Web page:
However, the same is also true for the other extreme. There are those who are certification junkies and feel the need to just get the certification so that they can add letters to the end of their name. Which one are you?


What are your thoughts? Is certification valuable? Do you agree with Paul, or James (or me)?

Let me know in the comments


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What’s the point of an online Community?


There is an discussion going on in one of the BA LinkedIn groups. The person who started the discussion was that when she joined the group, it was “to understand how others BA see their role and how they overcome the issues they face.” However she’s only finding discussions and articles like “5 Tips to apply to blablabla”, or “10 Things you should know on blablabla”.

One of people who responded stated that “forums (or groups or whatever) are best when they are about exchanging or sharing ideas. That means that the person who starts the discussion needs to participate other than just at the start.” Often what will happen is someone will post a link (often to their own material), in a group/forum, and then never be heard from again. The group/forum is, effectively, just being used as a noticeboard.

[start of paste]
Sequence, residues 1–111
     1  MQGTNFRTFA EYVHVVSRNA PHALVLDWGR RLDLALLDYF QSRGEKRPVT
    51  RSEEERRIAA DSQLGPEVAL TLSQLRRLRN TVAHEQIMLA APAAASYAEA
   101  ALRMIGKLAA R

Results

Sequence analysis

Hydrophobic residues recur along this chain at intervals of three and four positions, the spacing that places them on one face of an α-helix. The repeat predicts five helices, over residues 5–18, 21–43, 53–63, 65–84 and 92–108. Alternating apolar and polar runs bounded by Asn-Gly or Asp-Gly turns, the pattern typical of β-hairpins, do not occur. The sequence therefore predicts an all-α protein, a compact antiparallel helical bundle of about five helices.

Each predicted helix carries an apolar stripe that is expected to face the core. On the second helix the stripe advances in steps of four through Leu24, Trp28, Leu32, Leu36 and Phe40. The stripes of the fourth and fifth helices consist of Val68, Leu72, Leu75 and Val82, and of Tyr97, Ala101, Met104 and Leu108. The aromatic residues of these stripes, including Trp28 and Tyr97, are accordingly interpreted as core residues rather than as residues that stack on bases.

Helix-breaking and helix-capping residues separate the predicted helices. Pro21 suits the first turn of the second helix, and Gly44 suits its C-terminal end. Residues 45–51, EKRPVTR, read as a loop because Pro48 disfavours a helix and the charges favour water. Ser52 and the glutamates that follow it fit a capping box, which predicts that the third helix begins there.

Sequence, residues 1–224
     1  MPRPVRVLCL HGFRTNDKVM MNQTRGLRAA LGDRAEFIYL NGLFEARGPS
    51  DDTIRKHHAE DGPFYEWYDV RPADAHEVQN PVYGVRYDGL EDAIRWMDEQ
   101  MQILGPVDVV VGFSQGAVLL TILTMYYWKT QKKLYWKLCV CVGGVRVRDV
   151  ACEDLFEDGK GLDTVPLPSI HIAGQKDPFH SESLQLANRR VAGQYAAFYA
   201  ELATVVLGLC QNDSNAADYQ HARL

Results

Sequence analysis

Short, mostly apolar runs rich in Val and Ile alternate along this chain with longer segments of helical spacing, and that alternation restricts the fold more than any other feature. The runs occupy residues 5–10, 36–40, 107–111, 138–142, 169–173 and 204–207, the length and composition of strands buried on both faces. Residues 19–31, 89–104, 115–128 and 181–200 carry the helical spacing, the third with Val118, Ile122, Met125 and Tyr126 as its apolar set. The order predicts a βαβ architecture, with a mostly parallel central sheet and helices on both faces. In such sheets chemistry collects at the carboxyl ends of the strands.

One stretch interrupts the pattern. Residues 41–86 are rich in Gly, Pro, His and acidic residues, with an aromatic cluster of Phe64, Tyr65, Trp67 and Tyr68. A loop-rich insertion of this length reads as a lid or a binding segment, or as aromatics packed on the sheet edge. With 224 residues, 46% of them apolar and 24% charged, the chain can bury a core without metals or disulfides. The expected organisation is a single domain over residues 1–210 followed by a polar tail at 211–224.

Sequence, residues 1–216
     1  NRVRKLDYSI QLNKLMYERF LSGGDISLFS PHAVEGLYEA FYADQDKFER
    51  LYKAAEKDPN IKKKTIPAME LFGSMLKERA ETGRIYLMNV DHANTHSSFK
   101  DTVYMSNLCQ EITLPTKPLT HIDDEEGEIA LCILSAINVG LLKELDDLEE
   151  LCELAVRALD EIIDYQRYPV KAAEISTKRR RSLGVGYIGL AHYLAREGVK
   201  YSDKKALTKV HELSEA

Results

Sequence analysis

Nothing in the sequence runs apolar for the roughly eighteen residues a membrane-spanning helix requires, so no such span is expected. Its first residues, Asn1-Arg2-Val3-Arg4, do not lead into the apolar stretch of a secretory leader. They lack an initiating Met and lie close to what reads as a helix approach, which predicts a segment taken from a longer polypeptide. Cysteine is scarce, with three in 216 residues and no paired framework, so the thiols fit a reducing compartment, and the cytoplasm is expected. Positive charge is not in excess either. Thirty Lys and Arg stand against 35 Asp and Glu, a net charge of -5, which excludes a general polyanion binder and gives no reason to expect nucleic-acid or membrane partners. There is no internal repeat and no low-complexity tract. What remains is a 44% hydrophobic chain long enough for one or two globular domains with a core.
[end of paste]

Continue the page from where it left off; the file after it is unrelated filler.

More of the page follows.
So what is an online community? And what makes it different from a social network?

Michael Wu, a smart man who is one of those people who earns a living staring at tea leaves in the bottom of a cup, said that…

the single most important feature that distinguishes a social network from a community is how people are held together on these sites.”

In a social network, Michael says,  people are held together by pre-established interpersonal relationships, such as friendship, classmates, colleagues, and business partners. The primary reason that people join a social networking site is to maintain old relationships and establish new ones to expand their network. on to state that social networks